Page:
5. 5 out of 5

    Misha Ali

    Good primer for anyone looking to understand Islam and the Muslim/Ex-Muslim experience in Australia. Easy to read, quite funny while remaining informative.

  6. 5 out of 5

    Jennifer

    In turns funny and informative. With all his caveats, he is a man after my own reasoning. I like how this gives a more nuanced view on Islam and Muslims in Australia.

  7. 5 out of 5

    Debbie Lamb

    Highly entertaining and informative overview of Islam from a former 'Muslim'. Sami was brought up in Pakistan as a Muslim and migrated to Australia in 2012. This book takes us on Sami's journey of growing up following his religion in a 'normal Muslim' family and how he began to question what he was being told to believe, how to behave and the general inconsistencies around his religious text. He describes how he came to the conclusion that he really didn't believe in his Islamic religion and why Highly entertaining and informative overview of Islam from a former 'Muslim'. Sami was brought up in Pakistan as a Muslim and migrated to Australia in 2012. This book takes us on Sami's journey of growing up following his religion in a 'normal Muslim' family and how he began to question what he was being told to believe, how to behave and the general inconsistencies around his religious text. He describes how he came to the conclusion that he really didn't believe in his Islamic religion and why he and his wife and daughter decided to move out of Pakistan to Australia. I think Sami has managed to provide a balanced view of the flaws across many religions and religious doctrines - not one can claim to have the perfect solution. Quote: <". . . Islam is a fairly judgy religion as it is. Well, all religions are judgy, but Islam certainly spends a lot of time crossing its arms and tutting loudly.”> He points out the need for religions to adapt to the modern world, having been written for a time and place vastly different to the hear and now. He shows us how religious text can be interpreted differently by every person and the use of particular words carried a very different meaning when first written to now. Quote: <"“In general, any form of return-to-the-roots Sunni Islam is called ‘Salafism’. . . . The basic idea of Salafism is that Muslims were perfect during the Prophet’s time, and it’s been downhill ever since."> He has categorised Muslims into 'normal' 'metro' , 'frightening' and 'downright crazy' in a humourous way and shows how each believes their own mantras and have adapted their religious text to suit their own narratives. He even admits to being three of the above at one time in his life, never quite crossing to the dark side of 'downright crazy'. I found the section regarding feminism (or lack of it) in the Islamic faith particularly enlightening and this has caused me to look at my own preconceptions and realise that we all need to educate ourselves better before we make judgments. Sami has chosen to divorce himself from a religion that in his opinion, is so inflexible and outdated and does nothing to preserve the rights of a human, particularly females who were just unfortunate enough to be born female and therefore 'oppressed' simply for not being a male. He correctly invokes that racism, intolerance, oppression and equality are not wholly exclusive within the 'white' community - Quote: <“I’m going to tell the white people reading this book right now a secret: All the other races are just as bigoted. Pakistanis hate Bangladeshis, Emiratis hate South Asians, Saudis hate anyone who isn’t them. Brown people are grotesquely racist towards black people, black people are racist towards Asians, and the Chinese basically hate everybody.”> And <“It’s not easy being a Muslim in Western countries. It’s not even easy being a Muslim in non-Western countries, given that you’re likely to be killed if you’re not the right type of Muslim there.”> I highly recommend this if not only to just understand the difference between Shia and Sunni Muslims or a Hijab and a Niqāb, but to hear from the perspective of a Muslim who has lived that life and is better informed to critique it.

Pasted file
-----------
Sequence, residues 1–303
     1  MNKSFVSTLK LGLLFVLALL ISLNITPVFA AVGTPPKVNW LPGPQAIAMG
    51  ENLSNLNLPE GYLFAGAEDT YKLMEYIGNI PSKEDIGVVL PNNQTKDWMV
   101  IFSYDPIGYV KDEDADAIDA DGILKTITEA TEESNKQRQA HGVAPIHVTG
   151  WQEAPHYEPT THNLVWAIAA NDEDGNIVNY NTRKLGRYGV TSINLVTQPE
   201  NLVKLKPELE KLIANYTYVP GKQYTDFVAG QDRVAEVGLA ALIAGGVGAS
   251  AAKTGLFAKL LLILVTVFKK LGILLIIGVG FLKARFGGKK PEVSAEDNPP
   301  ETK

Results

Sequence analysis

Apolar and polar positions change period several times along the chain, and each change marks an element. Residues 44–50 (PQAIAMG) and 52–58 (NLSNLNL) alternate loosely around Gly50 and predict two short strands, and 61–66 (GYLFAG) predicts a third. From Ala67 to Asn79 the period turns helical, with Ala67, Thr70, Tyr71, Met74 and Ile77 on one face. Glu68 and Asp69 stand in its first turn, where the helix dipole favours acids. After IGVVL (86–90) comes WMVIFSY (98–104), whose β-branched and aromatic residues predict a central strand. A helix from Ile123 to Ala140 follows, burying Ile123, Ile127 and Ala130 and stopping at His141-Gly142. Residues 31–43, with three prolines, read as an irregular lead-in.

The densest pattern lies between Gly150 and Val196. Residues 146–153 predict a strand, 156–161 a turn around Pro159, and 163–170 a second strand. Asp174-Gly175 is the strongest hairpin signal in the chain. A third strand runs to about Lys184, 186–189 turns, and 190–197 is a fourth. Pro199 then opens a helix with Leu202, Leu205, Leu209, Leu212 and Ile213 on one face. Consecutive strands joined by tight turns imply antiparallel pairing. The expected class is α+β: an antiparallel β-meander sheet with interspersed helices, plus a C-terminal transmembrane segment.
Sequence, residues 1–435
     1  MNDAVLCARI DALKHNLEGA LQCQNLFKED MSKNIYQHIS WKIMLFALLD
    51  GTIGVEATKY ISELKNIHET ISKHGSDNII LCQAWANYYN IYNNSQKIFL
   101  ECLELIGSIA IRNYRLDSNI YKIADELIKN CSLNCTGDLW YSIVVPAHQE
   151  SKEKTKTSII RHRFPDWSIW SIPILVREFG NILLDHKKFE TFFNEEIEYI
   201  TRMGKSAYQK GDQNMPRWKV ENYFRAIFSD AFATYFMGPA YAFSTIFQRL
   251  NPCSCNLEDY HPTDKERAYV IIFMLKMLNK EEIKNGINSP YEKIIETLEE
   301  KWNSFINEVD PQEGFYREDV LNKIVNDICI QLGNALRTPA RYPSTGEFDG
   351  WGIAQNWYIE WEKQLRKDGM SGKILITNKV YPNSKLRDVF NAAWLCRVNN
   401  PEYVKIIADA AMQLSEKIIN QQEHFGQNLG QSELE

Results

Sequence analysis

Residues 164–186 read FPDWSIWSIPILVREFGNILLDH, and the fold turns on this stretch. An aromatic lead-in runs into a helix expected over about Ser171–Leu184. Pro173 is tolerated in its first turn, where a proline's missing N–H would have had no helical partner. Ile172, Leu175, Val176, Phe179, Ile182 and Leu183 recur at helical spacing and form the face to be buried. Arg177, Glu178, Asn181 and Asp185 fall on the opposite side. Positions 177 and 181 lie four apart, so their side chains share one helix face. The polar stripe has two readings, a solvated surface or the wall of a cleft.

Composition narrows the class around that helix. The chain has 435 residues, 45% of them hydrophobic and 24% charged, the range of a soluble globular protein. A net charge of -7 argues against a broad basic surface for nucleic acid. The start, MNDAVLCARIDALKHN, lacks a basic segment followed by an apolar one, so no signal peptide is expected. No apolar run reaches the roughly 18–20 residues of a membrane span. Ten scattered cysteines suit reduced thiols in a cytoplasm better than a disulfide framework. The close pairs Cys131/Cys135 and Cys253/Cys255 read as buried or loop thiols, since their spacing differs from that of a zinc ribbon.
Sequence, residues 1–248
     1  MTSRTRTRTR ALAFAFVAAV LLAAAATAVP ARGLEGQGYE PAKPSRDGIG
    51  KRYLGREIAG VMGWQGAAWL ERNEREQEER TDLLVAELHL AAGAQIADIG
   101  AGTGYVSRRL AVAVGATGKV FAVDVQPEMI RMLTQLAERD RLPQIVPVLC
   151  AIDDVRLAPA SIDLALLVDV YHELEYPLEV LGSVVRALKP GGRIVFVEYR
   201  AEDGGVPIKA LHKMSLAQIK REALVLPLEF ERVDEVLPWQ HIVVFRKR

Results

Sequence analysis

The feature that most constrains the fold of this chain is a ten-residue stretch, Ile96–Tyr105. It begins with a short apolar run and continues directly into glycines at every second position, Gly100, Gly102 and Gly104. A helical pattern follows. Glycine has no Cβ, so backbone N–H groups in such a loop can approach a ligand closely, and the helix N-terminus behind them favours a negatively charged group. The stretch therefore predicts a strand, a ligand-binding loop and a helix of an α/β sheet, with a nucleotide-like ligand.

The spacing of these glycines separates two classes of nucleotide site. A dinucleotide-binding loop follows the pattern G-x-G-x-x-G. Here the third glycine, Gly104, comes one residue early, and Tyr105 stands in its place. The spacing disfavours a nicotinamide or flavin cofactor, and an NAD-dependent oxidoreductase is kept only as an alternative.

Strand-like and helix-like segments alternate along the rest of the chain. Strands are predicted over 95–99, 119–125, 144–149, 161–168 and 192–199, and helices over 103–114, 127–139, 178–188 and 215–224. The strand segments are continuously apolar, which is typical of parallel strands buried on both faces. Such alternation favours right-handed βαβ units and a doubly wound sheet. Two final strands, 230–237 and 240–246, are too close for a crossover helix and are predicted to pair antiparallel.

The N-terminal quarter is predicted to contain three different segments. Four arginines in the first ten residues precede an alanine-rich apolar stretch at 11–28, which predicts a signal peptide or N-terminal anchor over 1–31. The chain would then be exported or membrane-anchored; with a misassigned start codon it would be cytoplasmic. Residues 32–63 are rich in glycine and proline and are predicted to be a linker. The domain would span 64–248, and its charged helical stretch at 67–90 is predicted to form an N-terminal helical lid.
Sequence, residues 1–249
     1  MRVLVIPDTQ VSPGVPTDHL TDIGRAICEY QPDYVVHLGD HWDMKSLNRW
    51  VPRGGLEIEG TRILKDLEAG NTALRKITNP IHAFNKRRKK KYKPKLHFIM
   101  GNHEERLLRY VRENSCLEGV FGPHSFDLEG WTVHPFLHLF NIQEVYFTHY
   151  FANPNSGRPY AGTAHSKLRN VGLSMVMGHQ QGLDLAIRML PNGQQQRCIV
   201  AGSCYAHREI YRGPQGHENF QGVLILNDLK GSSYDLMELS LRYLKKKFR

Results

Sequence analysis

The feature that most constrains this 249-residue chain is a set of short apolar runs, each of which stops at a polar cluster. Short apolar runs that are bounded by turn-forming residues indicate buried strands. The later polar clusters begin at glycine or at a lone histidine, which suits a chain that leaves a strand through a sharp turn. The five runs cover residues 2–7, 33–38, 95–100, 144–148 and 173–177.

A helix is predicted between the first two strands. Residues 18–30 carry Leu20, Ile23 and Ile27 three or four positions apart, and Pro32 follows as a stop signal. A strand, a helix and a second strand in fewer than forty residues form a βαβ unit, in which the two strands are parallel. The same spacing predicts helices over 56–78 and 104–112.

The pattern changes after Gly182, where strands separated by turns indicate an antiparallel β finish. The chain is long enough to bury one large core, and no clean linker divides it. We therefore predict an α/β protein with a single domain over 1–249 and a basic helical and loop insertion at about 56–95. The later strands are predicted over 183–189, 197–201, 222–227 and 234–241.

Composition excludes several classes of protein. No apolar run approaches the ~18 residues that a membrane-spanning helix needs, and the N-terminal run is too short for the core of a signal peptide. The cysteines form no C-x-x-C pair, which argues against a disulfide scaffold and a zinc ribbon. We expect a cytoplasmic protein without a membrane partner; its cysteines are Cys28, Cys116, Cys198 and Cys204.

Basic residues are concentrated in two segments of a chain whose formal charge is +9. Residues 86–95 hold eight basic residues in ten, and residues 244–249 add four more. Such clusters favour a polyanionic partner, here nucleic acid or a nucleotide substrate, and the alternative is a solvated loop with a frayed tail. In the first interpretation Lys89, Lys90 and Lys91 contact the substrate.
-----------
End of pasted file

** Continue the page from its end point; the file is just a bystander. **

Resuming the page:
8. 4 out of 5

    hayls &#x1f434;